Securing Equal Work Opportunities: Korea’s Mandatory Quota Policy and Training to Promote Employment of People with Disabilities
Park Jeong-gil has severe cerebral palsy. While one might assume that this would limit his employment opportunities, Jeong-gil in fact works as a web designer at an advertising company. He completed a web-design training course at a job training center for people with disabilities, and subsequently found a job through the employment service provided by the Korea Employment Agency for the Disabled (KEAD). At work, he benefits from assistive technology devices, including an adjustable desk and special keyboards. He shows that “if an adequate working environment is provided, people with disabilities can surely work.” He receives more than a minimum wage, is enrolled in social security insurance, and pays earned income taxes.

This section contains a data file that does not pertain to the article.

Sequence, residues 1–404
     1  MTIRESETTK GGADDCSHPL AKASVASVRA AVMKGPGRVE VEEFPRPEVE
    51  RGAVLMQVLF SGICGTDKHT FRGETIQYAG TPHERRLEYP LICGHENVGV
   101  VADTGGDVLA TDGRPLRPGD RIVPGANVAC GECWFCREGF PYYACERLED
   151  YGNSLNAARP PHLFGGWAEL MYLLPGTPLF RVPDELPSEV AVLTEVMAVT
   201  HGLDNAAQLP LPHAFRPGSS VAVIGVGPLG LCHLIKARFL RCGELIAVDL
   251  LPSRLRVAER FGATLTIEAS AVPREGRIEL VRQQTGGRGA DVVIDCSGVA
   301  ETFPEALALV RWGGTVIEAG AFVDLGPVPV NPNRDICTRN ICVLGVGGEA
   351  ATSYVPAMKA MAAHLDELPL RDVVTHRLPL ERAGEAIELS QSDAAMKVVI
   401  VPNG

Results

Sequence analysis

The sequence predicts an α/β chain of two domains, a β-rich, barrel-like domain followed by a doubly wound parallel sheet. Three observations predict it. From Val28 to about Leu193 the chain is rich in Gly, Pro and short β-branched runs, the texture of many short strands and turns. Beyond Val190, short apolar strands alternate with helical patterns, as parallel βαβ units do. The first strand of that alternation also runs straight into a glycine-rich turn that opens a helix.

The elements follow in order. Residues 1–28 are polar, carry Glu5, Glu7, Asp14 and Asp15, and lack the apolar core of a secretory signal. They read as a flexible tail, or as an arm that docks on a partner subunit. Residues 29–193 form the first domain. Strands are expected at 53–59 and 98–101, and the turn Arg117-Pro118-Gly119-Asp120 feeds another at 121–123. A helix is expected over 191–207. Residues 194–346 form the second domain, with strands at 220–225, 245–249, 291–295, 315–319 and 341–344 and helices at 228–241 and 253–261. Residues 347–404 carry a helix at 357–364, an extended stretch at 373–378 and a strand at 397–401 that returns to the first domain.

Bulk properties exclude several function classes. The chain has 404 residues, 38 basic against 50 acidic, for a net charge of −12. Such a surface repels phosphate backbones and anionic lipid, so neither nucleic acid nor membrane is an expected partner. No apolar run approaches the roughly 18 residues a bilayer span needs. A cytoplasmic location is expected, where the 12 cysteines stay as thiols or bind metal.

Prior to the early 1990s, Park Jeong-gil’s situation would have been unlikely, as people with disabilities encountered significant difficulties in finding employment. In the midst of Korea’s rapid growth, national policy emphasized other arenas of economic development and reconstruction from the Korean War the in early 1950’s and focused less on the welfare and employment of people with disabilities. However, awareness of the rights of people with disabilities increased throughout the 1980s, and especially with the international spotlight brought by the 1988 Seoul Olympics and Paralympics, public interest turned more to this issue. Policymakers responded to growing public calls for greater opportunities for the disabled by passing the ‘Promotion, etc. of Employment of Disabled Persons Act’ in order to increase work opportunities for people with disabilities. The Act created a mandatory employment system that obligated national and local governments, public organizations, and private enterprises of a certain size to hire people with disabilities for a certain proportion of positions (See Table 1). In order to enforce implementation, the Act imposed levies on employers who did not meet the proportion of employees with disabilities. Also, the government established the KEAD in September of 1990 with the mandate to implement the quota system. The implementation of the mandatory employment quota system led to additional job creation of 197,000 jobs in the competitive labor markets. Additionally, 164,000 individuals with disabilities are employed in private companies and central and local governments reaching an actual employment rate 2.14 percentage in 2015.
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